My conclusion is that the Empty Seat Thing does not happen to me. I don’t think that I can conclude that MJA people prefer sitting next to me to sitting next to other MJA people, but there is certainly no sign of any general tendency to avoid doing so.

This is clearly different from the internet consensus. This could be explained in two main ways. The first is that I actually have different experiences from most foreigners in Japan. This is certainly possible. It is not because I look typically Japanese, because I certainly don’t. (Although I suppose that, by definition, I look Japanese.) I’m normally reading an English academic journal on the train as well, so I’m not signalling that I speak Japanese, and people don’t speak to me in any case. It’s not because I’m white, because white foreigners report this just as often as non-white. It may be because I’m normally wearing a suit and tie, because I’m typically on my way to teach, or to a committee meeting. It may also be because I make a conscious effort to minimise the space I occupy, leaving enough space for people to sit on either side. The seats on Japanese commuter trains are not exactly generous. However, without knowing more about the behaviour of the foreigners, I can’t say anything definite about those hypotheses.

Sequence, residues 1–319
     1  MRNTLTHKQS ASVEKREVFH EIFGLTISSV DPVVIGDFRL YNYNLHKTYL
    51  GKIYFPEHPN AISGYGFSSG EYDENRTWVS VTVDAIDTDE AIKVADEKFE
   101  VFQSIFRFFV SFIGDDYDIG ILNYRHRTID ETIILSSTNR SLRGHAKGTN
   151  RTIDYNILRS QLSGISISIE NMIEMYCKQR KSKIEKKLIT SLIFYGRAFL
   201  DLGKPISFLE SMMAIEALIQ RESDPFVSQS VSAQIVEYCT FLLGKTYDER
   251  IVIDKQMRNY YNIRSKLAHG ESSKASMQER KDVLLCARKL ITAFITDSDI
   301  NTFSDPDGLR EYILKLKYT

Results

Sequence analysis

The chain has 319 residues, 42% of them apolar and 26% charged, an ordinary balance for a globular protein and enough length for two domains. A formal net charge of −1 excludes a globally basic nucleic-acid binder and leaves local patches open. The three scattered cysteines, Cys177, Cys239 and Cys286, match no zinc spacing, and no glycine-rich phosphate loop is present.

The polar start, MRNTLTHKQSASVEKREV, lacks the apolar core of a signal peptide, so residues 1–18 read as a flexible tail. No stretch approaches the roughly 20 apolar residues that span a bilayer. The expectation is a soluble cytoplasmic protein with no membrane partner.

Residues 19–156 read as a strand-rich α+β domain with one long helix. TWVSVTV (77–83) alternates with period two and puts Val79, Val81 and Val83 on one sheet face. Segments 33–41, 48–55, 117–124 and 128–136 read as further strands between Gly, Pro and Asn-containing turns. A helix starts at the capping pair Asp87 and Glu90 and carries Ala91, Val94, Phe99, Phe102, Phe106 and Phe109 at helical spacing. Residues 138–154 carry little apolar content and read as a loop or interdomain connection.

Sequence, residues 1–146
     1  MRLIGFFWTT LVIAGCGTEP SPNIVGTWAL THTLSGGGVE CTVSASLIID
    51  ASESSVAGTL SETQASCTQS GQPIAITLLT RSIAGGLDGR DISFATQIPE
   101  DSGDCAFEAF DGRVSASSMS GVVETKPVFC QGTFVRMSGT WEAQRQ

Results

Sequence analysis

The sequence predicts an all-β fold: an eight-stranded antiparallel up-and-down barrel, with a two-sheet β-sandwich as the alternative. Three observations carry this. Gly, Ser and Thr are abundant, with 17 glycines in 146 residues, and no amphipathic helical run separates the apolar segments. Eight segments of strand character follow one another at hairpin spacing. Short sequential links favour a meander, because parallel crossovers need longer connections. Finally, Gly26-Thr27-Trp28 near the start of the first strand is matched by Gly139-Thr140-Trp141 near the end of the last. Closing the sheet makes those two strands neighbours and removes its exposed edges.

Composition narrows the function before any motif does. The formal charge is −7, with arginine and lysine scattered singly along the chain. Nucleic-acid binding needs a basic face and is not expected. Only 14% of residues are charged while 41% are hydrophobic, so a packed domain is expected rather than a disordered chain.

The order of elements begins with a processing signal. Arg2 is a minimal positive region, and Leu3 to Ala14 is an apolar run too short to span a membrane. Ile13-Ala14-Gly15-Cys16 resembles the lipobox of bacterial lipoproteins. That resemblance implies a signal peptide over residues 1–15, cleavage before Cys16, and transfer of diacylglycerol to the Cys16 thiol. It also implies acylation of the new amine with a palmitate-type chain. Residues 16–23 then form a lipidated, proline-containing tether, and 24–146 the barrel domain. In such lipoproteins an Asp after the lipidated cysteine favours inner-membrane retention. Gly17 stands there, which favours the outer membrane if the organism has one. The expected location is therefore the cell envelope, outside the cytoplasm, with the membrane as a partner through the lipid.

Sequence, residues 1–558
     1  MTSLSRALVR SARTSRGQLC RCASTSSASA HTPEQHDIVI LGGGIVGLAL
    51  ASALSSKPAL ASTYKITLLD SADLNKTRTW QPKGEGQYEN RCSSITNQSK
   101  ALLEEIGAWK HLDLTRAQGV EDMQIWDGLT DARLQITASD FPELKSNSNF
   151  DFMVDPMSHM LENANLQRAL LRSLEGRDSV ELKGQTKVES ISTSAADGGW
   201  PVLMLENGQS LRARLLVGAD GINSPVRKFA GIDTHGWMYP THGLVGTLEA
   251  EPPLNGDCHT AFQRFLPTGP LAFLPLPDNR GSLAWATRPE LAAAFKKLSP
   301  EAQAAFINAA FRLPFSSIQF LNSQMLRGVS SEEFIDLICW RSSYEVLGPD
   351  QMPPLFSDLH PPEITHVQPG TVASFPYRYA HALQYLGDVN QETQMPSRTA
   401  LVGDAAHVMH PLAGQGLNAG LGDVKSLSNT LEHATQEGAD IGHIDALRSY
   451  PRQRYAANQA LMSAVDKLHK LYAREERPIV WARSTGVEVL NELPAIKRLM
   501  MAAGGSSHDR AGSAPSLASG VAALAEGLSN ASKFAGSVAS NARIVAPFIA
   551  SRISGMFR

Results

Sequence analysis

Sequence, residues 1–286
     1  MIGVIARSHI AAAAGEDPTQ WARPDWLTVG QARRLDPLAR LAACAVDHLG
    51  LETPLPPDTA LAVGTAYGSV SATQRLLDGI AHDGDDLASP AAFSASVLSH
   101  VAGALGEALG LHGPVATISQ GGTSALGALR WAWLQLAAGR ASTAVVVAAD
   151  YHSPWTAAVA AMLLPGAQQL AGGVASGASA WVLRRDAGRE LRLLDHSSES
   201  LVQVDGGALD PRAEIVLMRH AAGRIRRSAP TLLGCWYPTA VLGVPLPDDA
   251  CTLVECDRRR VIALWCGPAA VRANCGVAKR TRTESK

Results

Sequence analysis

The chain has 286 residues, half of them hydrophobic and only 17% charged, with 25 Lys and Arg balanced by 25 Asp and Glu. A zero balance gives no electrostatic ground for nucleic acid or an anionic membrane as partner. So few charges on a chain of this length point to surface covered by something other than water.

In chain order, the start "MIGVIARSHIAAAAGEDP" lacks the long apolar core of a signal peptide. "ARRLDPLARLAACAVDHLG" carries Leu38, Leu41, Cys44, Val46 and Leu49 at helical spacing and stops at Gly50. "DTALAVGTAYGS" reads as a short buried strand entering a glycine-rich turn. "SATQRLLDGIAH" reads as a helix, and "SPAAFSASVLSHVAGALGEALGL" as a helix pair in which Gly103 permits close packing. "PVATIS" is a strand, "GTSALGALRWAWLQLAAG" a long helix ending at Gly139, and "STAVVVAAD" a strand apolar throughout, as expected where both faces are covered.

Another possibility is that I don’t have significantly different experiences, but that foreigners have been primed by the stories of “the Empty Seat Thing” to notice, and remember, when people are standing and ignoring an empty seat next to them. I would be interested in the results of other foreign-appearing people taking notes every time they sit down on a train, for about the same number of trips. If there are actually different experiences, then that suggests that there are things you can do to encourage MJA people to sit next to you.

At this point, however, all that I can say is that the Empty Seat Thing does not happen to everyone. It doesn’t happen to me.

Against Meritocracy

(Warning: Rant Ahead)

We are so smug, so secure in our privilege. The clever ones. We understand the world, and we smirk at people who don’t. “How could they be so dumb as to vote for that?” “What on earth were they thinking?” “I could do a better job than that half asleep.”

And you know what? We’re right. We are the clever ones. It doesn’t matter what your skin colour is, or your gender, or your sexuality. You can be a black lesbian in a wheelchair and if you’re smart, you’re still a member of the most privileged group of all. You can whine about how society oppresses you, but frankly if you live in any advanced society you have no idea what a society designed to oppress you looks like.